When I heard about the Blind Spot Series blogathon over at The Matinee I knew I would participate this year. I loved the idea of concentrating on 12 foreign and classic movies that every movie lover must see. My list for 2014 is here and I’ve included some modern misses and Asian films from my watchlist as well. As a coming of age film My Life As A Dog blindsided me with its unique meeting of expectations…
You’ll recognize the director of my pick for February’s blind spot movie, Lasse Hallström, from such fare as The Cider House Rules and Chocolat. I too have seen these and while they didn’t linger as powerful films in my memory I remember them as well-made character driven stories. After being nominated for an Academy Award for writing and directing in 1985 and winning Best Foreign Film at the Golden Globes, My Life As A Dog became the stepping stone from which Hallström made his way into the American film industry. A Swedish film, there are many reasons to have watched My Life As A Dog, but I chose it not for its illustrious pedigree, but because the title intrigued me.
I wasn’t disappointed.
The movie opens with Ingemar sharing blood with a girl his age and proclaiming they are now married. A train interrupts them, rumbling overhead. After this quick introduction to our precocious 12-year-old protagonist we are thrown into a moment of 4th wall penetration. Sounding remarkably adult-like he explains his philosophy of life:
”I should have told her everything. Mom loved stories like that. It’s not so bad if you think about it. It could have been worse. Just think how that poor guy ended up who got a new kidney in Boston. He got his name in all the papers, but he died just the same. And what about Laika, the space dog? They put her in the Sputnik and sent her into space. They attached wires to her heart and brain to see how she felt. I don’t think she felt too good. She spun around up there for five months until her doggy bag was empty. She starved to death. It’s important to have something like that to compare things to.”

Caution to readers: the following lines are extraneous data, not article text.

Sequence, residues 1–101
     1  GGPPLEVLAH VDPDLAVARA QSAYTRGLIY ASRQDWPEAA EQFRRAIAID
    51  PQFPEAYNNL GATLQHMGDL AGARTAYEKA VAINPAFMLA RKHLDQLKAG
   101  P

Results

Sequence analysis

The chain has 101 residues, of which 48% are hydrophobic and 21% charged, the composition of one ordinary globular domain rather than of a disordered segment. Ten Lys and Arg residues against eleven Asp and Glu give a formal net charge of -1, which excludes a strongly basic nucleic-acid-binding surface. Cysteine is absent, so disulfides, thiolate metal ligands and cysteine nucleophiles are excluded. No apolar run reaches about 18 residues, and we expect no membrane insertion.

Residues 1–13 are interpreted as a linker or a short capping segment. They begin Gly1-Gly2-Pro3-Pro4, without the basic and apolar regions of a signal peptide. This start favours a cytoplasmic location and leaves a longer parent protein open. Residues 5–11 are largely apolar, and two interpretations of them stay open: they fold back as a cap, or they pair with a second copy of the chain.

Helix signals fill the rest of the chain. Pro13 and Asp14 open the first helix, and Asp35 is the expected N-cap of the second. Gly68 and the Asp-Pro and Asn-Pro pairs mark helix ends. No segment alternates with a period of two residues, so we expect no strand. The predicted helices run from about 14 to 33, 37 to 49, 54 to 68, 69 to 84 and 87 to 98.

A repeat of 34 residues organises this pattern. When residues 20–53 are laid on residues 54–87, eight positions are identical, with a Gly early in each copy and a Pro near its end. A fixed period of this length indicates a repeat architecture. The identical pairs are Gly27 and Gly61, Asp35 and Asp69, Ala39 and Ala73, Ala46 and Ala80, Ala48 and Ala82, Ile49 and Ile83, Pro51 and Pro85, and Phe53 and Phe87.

All this in the space of a few minutes time. I don’t want to ruin the best moments for you but this is the power of My Life As A Dog.
A coming of age story, by its very nature, is meant to fulfill certain expectations. For example, if it doesn’t have a young protagonist can in really be labeled coming of age? No. So to a certain extent you will feel a bit of déjà vu, like I did, as if you’ve already seen this story before. Of course, you know you haven’t. Ingemar’s adventures are too distinct, too charming, you’d have remembered each and every one. No it’s the echo of other similar themes lingering in your memory, such is the fate of such genre specific films. It begs the question, though, just what is a coming of age story?
My Life As A Dog is an excellent rendition for us to examine. Anton Glanzelius gives us a great kid to root for in the charming and mischievous Ingemar.
Kids become adults but until then they are under the watch-care of those who must be responsible for them until such time. We hope that most children have a mother and father or some such who love them and want what’s best for them. Ingemar has a mother who is terminally ill and an older brother who deals with that fact in a supremely different way from his little brother, putting them in constant contention.
After Ingemar is sent away to Småland he has his boob-crazy uncle Gunner and his wife, Ulla, the Arvidssons who share the house, and the blonde bombshell of the town, Berti. These are the adults from which Ingemar has to pull his examples in how to deal with life. These relationships shape how Ingemar interacts with the world and it’s no surprise that his actions are pretty erratic and unpredictable.